Across a range of political values – around race, gender and family, immigration and religion – there are stark contrasts between voters who support Donald Trump and those planning to vote for Joe Biden in November.
In every U.S. presidential election dating back to 1984, women reported having turned out to vote at slightly higher rates than men.
Key takeaways on Americans’ views on gender equality a century after U.S. women gained the right to vote
A majority of Americans say the country still hasn’t gone far enough in giving women equal rights with men.
54% of U.S. adults have expressed their opinion about gender or gender equality in conversations with family and friends.
A century after the 19th Amendment was passed, Americans differ over how well the term “feminism” describes them and how they see the movement.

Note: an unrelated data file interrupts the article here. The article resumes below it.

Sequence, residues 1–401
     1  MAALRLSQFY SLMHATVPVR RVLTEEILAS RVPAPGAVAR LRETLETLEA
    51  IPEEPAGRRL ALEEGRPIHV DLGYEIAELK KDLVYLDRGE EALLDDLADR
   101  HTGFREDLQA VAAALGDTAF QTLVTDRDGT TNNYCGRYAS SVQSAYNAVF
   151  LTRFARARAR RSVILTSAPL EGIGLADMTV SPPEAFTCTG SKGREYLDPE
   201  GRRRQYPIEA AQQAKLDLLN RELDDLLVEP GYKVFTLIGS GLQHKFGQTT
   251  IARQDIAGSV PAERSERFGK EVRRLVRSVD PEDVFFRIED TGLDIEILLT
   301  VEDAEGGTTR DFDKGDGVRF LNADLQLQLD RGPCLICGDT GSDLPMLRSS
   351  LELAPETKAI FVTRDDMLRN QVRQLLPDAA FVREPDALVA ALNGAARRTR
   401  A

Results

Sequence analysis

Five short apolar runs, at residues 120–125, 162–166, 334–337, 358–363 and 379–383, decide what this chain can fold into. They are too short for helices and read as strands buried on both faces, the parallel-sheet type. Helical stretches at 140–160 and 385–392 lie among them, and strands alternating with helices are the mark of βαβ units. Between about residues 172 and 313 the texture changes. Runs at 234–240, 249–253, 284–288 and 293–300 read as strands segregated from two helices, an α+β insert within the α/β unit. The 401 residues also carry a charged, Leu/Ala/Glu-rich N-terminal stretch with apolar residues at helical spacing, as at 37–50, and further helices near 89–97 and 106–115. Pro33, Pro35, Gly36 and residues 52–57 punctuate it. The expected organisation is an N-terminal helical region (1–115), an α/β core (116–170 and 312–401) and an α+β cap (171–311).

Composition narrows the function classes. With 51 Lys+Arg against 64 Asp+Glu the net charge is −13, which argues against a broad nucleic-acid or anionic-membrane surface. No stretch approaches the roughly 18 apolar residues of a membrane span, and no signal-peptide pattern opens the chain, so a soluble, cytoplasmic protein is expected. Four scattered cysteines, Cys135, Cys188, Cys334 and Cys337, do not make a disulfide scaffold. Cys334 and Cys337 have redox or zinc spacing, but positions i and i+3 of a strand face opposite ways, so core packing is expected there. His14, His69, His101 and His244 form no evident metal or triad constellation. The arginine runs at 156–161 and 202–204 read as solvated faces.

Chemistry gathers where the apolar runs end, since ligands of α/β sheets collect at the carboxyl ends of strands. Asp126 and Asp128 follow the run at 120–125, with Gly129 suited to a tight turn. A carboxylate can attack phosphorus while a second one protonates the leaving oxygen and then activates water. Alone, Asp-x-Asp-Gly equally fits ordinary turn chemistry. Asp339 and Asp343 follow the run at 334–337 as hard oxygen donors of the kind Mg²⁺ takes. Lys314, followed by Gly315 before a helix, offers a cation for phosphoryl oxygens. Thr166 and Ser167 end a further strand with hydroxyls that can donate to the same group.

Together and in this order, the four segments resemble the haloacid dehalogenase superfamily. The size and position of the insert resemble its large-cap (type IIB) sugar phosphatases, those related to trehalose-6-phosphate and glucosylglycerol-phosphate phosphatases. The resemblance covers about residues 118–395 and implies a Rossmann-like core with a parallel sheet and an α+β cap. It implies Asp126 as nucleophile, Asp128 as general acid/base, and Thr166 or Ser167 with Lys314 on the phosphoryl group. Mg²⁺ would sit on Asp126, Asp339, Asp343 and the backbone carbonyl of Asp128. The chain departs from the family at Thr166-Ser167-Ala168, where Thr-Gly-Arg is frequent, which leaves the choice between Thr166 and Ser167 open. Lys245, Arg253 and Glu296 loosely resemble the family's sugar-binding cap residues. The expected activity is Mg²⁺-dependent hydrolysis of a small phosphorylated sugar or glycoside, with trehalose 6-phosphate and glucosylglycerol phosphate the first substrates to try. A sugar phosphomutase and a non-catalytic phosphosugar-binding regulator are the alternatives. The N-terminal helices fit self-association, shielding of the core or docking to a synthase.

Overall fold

A Century After Women Gained the Right To Vote, Majority of Americans See Work To Do on Gender Equality
A hundred years after the 19th Amendment was ratified, about half of Americans say granting women the right to vote has been the most important milestone in advancing the position of women in the country.
The gender gap in party identification remains the widest in a quarter century.
41% of Democratic registered voters say they are bothered that the likely Democratic nominee for the 2020 election is a white man in his 70s.
Fast facts on the challenges Americans see for female political candidates as Warren exits 2020 race
In 2018, 59% of U.S. adults said there were too few women in high political offices, including 69% of women and 48% of men who said this.
Overall, about half of U.S. women and 38% of men said in 2018 that they personally hoped a woman would be elected president in their lifetime.